• They can more efficiently use resources. Shareable connections are not valid outside of their sharing boundary. For this reason, at the end of a sharing boundary (such as transaction) the connection handle is no longer associated with the managed connection it was using within the sharing boundary (this applies only when using the cached handle pattern). The managed connection is returned to the free connection pool for reuse. Connection resources are not held longer than the end of the current sharing scope.

    If the cached handle pattern is used, then the next time the handle is used within a new sharing scope, the application server run time assures that the handle is reassociated with a managed connection appropriate for the current sharing scope and with the same properties with which the handle was originally retrieved. Remember that it is not appropriate to change properties on a shareable connection. If properties are changed, other components that share the same connection might experience unexpected behavior. Futhermore, when using cached handles, the value of the changed property might not be remembered across sharing scopes.

The possible drawbacks of shared connections

  • Sharing within a single component (such as an enterprise bean and its related Java objects) is not always supported. The current specification allows resource adapters the choice of only allowing one active connection handle at a time.

    If a resource adapter chooses to implement this option then the following scenario results in an invalid handle exception: A component using shareable connections gets a connection and uses it. Without closing the connection, the component calls a utility class (Java object) which gets a connection (handle) to the same managed connection and uses it. Because the resource adapter only supports one active handle, the first connection handle is no longer valid. If the utility object returns without closing its handle, the first handle remains invalid and use of it causes an exception. NOTE: This exception occurs only when calling a utility object (a Java object).

    Not all resource adapters have this limitation, it depends on their implementation. The WebSphere Relational Resource Adapter (RRA) does not have this limitation. Any DataSource used through the RRA does not have this limitation. If you encounter a resource adapter with this limitation you can work around it by serializing your access to the managed connection. If you always close your connection handle before getting another, or close your handle before calling code which gets another handle, and you always close your handle before you return from the method, you can allow two pieces of code to share the same managed connection. You just cannot use the connection for both events at the same time.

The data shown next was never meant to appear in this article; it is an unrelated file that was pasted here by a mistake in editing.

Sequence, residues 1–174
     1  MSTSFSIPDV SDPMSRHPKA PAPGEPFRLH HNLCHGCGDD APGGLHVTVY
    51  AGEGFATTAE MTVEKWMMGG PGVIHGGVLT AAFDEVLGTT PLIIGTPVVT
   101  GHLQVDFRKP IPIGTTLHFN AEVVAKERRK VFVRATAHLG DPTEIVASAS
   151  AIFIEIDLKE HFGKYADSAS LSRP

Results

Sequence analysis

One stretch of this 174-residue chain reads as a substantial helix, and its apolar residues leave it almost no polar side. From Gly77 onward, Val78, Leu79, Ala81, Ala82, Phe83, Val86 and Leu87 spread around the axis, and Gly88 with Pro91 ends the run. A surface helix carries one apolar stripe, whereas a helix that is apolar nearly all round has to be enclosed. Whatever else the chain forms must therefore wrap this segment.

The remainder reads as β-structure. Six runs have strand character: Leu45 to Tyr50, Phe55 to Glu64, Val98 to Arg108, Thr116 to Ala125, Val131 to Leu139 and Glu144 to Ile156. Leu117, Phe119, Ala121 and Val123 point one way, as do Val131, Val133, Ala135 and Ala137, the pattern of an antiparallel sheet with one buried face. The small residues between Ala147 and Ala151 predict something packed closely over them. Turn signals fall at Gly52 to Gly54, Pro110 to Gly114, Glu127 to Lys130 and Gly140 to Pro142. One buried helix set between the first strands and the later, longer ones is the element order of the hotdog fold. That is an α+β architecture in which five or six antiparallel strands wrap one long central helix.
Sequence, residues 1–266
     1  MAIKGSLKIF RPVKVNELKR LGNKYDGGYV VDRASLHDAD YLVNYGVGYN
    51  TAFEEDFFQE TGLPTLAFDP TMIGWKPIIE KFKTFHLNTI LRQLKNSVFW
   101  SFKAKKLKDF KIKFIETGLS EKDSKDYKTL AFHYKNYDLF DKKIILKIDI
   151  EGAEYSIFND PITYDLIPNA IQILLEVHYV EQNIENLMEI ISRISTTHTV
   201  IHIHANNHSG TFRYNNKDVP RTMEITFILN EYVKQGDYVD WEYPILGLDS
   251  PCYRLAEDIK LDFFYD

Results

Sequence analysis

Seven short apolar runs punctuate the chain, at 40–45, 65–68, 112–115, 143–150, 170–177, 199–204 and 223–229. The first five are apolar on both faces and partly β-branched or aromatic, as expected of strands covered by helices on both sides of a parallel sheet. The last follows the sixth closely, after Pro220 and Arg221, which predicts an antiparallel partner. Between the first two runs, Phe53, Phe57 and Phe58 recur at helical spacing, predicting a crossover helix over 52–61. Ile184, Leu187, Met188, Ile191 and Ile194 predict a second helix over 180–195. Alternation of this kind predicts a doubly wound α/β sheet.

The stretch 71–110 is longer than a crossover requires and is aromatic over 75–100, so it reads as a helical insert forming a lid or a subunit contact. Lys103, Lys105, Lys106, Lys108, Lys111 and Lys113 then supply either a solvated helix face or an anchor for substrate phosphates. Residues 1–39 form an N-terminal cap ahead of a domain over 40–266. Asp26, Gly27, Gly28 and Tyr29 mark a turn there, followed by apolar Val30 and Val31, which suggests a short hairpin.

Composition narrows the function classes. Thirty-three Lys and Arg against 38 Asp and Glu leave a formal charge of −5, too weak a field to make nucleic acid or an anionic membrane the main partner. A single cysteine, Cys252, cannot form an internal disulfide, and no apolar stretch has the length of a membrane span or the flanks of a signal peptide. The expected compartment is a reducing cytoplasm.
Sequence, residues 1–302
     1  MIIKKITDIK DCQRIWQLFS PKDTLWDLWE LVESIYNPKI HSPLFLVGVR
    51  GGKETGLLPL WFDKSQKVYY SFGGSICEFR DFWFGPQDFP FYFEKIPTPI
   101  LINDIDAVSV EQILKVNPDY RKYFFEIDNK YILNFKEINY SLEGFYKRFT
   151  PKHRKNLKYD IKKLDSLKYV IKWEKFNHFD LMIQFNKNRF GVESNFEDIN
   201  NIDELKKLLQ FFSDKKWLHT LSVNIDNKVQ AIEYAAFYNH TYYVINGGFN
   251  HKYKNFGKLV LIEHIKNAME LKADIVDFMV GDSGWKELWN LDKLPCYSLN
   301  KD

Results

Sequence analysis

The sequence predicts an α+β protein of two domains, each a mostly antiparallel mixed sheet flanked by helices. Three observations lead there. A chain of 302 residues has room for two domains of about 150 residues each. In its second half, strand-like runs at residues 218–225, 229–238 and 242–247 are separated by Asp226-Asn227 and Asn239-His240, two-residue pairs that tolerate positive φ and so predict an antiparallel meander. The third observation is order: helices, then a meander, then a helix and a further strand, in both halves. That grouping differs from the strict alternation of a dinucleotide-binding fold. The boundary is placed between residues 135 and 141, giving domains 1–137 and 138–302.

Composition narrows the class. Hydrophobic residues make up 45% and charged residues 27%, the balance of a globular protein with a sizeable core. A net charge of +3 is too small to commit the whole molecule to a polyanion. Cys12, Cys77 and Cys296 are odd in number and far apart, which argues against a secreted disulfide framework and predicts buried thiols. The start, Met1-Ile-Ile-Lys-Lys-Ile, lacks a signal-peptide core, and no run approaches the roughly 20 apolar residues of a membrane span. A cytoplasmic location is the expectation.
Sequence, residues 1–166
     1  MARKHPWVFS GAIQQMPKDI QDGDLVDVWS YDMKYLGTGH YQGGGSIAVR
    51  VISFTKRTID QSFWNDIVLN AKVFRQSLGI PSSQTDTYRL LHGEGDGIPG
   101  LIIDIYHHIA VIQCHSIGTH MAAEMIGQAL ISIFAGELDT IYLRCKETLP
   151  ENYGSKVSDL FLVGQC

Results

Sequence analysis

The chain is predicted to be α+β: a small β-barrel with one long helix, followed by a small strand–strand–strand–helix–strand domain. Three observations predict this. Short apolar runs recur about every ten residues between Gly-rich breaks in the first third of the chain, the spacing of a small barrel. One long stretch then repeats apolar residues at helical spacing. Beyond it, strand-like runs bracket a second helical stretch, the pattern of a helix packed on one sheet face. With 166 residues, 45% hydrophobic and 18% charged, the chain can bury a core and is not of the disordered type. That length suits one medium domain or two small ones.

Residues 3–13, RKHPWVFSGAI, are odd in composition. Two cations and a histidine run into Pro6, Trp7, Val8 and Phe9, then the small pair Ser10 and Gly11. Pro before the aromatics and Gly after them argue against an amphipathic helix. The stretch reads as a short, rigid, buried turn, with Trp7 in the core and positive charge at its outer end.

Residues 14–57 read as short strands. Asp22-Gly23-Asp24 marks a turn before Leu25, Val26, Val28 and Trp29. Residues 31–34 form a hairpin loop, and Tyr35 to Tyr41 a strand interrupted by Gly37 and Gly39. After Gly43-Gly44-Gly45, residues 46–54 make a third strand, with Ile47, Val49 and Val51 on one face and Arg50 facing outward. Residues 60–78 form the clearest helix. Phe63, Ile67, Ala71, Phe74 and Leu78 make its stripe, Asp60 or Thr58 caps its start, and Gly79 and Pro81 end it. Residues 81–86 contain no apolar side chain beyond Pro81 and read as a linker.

• Trying to change the isolation level on a shareable JDBC based connection in a global transaction (those supported by the RRA) causes an exception. The correct way to get connections with different transaction isolation levels is by configuring the IBM extended resource-reference.

  • Closing connection handles for shareable connections by an application is NOT supported and causes errors. However, you can avoid this limitation by using the Relational Resource Adapter.

Getting a connection from the DataSource

A connection is obtained from the DataSource. The connection is used as needed, and then released with a call to close() so that server knows it is available for a subsequent request.

It is very important that the close() is always called, even if there as an exception. Without the close(), server's database pool can loose connections. If you fail to close() a connection, server does not know that it is available for reuse, and cannot allocate it for another request. Eventually, server may run out of connections.

Always put a close() in a finally block, to guarantee that it is called.

The following example shows the use of a finally block that contains the close(). Because the close() is in a finally block, it will happen even if the code using the connection throws an exception:

Connection conn = null;
try {
	conn = dataSource.getConnection();
	Statement stmt = conn.createStatement();
	ResultSet rs = stmt.executeQuery(" ... ");
} catch (SQLException e) {
	throw new ServletException(e);
} finally {
	try {
		if (conn != null)
	} catch (SQLException e) {



Posted on: April 18, 2011 If you enjoyed this post then why not add us on Google+? Add us to your Circles